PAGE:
Interview on Newshour with Zetter of Wired and VISA

Record-setting Cyber Theft Stirs Questions on Security

The Justice Department indicted three men on Monday for stealing more than 130 million credit and debit card numbers by hacking into the computer systems of five major companies. Cyber-securiity experts discuss the case with Ray Suarez.

RAY SUAREZ: It's a case the Justice Department is calling the largest credit and debit card data breach in U.S. history. Twenty-eight-year-old Albert Gonzalez and two Russian co-conspirators are charged with stealing more than 130 million card numbers between October 2006 and May 2008.

The trio allegedly hacked around the firewalls of several companies' computer systems, including card payment processor Heartland Payment Systems, supermarket chain Hannaford Brothers, and convenience store chain 7-Eleven.

It's a record-setting breach, breaking the previous mark held, federal prosecutors say, by the same Albert Gonzalez. The Miami man was already in federal custody. He previously had been charged in identity theft cases involving the restaurant chain Dave & Buster's and the retailer T.J. Maxx.

With this latest cybersecurity breach, consumers are asking themselves, how safe is my financial information?

For some answers, we turn to Kim Zetter. She's been covering this story for And Rosetta Jones, she's vice president for corporate relations at Visa.

Kim Zetter, how does the government say Albert Gonzalez did what they're saying he did?

KIM ZETTER, Well, he worked with some co-conspirators who -- they chose their targets by looking at Fortune 500 company lists. And once they found their target, they did sort of reconnaissance to find out what kind of processing system they used for processing their credit and debit cards. Once they knew that, they were able to look at what kind of vulnerabilities might exist in the system.

In the case of Heartland and Hannaford and 7-Eleven, I think we know that they used a SQL injection attack on all of them. And a SQL injection attack is a pretty kind of standard attack that can be prevented if the server is configured correctly. And in these cases, it's showing up over and over again that many companies aren't configuring their servers correctly.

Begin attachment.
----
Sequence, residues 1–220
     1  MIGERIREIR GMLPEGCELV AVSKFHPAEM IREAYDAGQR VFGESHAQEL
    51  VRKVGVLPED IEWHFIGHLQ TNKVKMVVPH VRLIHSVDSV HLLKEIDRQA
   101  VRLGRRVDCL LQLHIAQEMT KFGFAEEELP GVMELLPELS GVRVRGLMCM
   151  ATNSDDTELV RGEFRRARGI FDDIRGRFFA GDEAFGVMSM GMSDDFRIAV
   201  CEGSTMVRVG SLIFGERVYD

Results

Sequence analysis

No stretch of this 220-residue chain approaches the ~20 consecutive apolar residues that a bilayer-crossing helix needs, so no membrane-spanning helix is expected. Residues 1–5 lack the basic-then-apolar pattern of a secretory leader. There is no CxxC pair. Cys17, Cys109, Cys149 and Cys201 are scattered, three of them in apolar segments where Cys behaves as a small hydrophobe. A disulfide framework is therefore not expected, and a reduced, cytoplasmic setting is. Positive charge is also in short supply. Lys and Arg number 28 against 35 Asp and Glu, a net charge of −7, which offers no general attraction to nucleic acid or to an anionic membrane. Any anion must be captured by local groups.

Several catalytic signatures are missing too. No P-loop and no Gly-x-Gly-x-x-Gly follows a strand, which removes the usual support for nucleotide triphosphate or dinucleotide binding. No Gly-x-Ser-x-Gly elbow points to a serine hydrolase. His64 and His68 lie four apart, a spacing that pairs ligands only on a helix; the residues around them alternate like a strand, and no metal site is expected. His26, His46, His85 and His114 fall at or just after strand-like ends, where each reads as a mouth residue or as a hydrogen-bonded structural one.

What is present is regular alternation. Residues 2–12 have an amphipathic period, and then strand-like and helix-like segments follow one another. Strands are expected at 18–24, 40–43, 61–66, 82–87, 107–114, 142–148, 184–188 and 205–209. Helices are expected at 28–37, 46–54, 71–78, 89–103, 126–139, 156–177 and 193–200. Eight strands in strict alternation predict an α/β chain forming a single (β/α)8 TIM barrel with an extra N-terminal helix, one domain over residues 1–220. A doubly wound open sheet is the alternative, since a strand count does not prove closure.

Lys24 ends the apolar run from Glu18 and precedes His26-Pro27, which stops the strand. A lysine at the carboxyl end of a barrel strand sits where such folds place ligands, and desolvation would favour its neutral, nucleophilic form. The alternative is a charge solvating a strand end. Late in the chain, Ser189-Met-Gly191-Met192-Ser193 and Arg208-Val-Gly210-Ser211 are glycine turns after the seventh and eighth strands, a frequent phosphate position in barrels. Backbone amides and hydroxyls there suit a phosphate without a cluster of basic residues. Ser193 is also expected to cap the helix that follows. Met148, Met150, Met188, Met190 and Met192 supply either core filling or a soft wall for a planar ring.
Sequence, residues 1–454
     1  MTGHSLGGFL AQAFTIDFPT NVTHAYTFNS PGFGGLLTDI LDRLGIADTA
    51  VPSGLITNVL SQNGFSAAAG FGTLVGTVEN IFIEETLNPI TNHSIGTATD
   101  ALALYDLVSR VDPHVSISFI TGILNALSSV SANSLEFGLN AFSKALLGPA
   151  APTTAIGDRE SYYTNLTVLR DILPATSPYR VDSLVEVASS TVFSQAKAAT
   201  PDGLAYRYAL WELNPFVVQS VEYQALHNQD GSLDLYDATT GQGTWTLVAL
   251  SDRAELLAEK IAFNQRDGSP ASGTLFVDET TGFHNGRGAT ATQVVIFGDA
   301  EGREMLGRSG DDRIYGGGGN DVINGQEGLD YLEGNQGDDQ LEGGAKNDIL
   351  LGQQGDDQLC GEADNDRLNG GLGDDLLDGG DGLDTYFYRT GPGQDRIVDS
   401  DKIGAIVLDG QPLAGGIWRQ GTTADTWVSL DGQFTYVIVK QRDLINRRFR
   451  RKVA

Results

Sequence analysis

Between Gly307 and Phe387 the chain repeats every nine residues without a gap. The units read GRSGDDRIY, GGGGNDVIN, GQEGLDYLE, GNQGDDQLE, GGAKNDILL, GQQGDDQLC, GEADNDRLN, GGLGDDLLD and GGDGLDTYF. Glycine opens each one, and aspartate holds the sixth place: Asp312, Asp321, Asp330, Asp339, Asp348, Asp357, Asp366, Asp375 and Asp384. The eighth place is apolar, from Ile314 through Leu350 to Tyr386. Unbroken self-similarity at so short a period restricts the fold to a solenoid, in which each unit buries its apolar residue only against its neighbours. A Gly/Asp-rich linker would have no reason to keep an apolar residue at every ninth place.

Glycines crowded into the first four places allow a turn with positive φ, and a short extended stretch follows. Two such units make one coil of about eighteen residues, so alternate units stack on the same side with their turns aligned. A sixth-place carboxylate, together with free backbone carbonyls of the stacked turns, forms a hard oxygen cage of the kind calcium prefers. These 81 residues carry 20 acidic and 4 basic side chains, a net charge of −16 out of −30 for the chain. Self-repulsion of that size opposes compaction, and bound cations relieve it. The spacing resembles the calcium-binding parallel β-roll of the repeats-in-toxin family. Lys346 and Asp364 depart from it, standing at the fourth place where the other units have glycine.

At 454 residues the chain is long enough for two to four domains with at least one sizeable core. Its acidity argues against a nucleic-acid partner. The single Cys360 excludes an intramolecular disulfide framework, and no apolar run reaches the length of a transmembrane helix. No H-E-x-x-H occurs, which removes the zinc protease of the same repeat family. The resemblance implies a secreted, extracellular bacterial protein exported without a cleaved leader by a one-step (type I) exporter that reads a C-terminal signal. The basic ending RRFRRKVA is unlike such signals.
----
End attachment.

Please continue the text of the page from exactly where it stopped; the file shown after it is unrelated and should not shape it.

RAY SUAREZ: So they did the digital equivalent of casing these places before trying the attack?

KIM ZETTER: Yes, exactly. In some cases, they went onto the Web site of the company, and the Web sites gave them information that helped them infiltrate the companies. The Web sites can tell them what kind of processes they're using and that kind of thing.

And in the case of Heartland, you know, Heartland is a credit card, debit card processor, so it's sort of the middleman between retailers and banks. And so if you hit a processor like that, then you're getting millions of cards, as they did in this case.

RAY SUAREZ: Rosetta Jones, the program, according to the government, that these fellows were using burrowed into the systems and then started exporting the data they were finding there to places outside the United States, to some places inside the United States, but also to Latvia, Russia, the Netherlands. Why?

ROSETTA JONES, Visa: Your question was why they were exporting data?

RAY SUAREZ: Well, why to those places? Is it harder to investigate, harder to prosecute once you ship the data off to somewhere else in the world?

ROSETTA JONES: We think there's ample opportunity for the government to be involved to help international cooperation in catching the criminals. We think that is an important opportunity and a significant area where the government can be involved.